I remember being depressed while I was in seminary, and it was because everything I had believed about the way the Bible should be read on how the Old Testament related to the New was coming unraveled and by godly men who were wiping out my best arguments. I stayed after class and asked questions, and professors patiently answered those same questions over and over. I gave my best arguments and got clobbered by the Scriptures. Finally I said uncle.

RR: I had an advantage growing up being catechized. It was awful Norwegian Pietism, but they didn't fool with the text of Scripture or catechism. I didn't listen because I was angry the whole time. All my friends were up on Mt. Rainier on Saturday mornings learning to ski, and I was in catechism class, so my attitude was pretty bad. By the time I was a senior in high school, I had mentally bowed out of the faith and went to the University of Washington, pre-med, joined Animal House, didn't darken the door of a church and was glad not to. Then my father died in open heart surgery and a couple of guys from Young Life picked me up. There was a pastor who loved C. S. Lewis and therefore knew what it was to have somebody say, "I don't believe this stuff." The same thing was true of the Young Life leaders behind the guys I was talking to. They were trained at Young Life Institute in the summer by Bernard Graham, a Baptist. Graham's writings were lucid, biblical to the core, organized better than almost any other author I've read, and those guys had trained under him. I began to read and found out that the story was a different story than I had heard.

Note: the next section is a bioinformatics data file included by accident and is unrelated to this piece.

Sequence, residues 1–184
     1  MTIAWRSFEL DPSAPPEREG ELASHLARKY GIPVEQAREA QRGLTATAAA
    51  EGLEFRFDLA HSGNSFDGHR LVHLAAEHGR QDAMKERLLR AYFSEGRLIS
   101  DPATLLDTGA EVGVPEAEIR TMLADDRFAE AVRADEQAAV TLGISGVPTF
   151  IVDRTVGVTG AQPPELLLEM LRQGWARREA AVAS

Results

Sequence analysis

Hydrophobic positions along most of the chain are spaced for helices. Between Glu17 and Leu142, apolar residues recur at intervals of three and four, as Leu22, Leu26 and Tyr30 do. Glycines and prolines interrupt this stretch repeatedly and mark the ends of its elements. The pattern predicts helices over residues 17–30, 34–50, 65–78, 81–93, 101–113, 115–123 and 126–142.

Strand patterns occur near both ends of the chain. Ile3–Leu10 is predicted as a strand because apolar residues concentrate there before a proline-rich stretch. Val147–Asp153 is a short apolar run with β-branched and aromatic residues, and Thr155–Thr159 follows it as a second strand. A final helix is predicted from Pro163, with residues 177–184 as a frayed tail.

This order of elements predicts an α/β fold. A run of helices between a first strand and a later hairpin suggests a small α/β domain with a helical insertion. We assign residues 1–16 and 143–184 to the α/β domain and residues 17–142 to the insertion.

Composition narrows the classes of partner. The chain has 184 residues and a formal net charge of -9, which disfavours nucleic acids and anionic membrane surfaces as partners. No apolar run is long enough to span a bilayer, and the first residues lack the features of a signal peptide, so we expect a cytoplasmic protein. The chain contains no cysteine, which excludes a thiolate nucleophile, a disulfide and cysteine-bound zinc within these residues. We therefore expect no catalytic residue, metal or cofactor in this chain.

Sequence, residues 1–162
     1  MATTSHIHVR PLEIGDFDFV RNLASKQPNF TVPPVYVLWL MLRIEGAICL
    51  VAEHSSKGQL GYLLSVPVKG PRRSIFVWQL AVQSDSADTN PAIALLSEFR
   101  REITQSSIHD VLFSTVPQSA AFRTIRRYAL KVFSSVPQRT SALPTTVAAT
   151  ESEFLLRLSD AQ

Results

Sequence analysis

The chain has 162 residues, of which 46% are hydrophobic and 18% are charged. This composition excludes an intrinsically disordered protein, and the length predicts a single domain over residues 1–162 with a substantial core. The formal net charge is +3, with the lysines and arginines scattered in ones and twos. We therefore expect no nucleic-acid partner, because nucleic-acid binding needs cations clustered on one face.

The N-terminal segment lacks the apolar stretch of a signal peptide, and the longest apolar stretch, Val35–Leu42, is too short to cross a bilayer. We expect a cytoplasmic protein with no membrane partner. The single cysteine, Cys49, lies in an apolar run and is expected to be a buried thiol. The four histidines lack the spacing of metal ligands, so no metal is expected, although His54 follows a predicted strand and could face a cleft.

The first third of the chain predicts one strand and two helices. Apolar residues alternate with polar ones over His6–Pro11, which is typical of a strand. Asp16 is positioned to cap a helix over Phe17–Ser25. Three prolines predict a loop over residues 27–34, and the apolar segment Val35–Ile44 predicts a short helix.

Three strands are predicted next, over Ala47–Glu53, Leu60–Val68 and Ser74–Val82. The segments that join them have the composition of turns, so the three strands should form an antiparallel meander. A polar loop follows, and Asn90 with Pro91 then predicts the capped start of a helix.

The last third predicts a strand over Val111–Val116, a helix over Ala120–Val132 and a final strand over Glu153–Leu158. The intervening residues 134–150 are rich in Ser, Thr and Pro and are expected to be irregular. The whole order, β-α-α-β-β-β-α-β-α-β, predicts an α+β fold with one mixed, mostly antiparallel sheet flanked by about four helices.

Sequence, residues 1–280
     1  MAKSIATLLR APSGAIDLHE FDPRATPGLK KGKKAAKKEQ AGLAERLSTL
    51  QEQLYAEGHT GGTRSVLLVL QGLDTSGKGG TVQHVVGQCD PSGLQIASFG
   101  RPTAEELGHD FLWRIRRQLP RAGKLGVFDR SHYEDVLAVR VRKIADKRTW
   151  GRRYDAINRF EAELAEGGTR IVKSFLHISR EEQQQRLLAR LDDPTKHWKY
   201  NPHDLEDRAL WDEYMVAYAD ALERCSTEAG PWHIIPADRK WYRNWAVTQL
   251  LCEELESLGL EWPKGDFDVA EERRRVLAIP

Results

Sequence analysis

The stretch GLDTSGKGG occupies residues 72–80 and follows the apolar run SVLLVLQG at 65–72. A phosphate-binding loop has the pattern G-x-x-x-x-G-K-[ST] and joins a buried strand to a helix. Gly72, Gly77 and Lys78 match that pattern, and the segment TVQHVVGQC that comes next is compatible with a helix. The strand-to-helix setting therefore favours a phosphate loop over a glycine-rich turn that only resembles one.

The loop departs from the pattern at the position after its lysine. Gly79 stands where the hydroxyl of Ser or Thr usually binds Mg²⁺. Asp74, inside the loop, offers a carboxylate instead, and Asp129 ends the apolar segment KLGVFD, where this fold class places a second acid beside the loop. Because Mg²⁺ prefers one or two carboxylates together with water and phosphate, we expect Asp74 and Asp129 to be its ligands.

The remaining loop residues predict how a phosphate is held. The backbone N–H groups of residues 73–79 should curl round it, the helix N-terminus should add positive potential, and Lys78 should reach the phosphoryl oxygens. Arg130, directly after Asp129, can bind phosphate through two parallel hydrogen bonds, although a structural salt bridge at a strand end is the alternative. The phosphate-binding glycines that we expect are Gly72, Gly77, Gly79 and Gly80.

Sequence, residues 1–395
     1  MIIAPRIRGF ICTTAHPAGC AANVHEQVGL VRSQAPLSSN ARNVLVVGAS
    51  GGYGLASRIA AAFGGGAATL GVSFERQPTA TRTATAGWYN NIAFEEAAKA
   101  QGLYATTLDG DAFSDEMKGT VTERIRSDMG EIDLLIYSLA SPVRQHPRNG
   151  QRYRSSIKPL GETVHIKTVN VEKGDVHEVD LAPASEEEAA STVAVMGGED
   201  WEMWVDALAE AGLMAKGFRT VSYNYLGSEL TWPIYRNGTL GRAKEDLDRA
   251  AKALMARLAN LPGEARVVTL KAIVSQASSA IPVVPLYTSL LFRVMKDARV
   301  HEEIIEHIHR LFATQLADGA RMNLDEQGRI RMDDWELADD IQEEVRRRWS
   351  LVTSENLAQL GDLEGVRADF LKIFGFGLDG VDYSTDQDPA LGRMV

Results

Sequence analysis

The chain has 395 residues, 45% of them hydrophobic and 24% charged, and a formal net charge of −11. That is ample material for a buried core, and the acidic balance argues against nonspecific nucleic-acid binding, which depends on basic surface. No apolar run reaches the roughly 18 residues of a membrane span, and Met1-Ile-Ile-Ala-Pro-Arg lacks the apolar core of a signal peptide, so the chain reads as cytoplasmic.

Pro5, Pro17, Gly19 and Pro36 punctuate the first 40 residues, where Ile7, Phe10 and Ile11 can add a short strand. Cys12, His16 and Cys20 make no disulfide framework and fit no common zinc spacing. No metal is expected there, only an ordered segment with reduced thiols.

MSH: Rod, you said once that while growing up you remember your dad in the dining room with his Bible spread open.

RR: That's right. I would sit as a child watching my dad argue with his Baptist friend the issue of baptism, with all these English translations laid out on the dining room table. This was serious stuff to argue. My mother was in the background, brewing coffee, because they were going to be talking late into the evening. Here was a surgeon saying in many ways to his son, this is really important.

MSH: This is some­thing you can't necessarily get out of a curriculum. A bad curriculum can really mess things up, but a good curriculum won't always do the trick either. You need to eat, smell, and breathe the air of Bible around you in the home.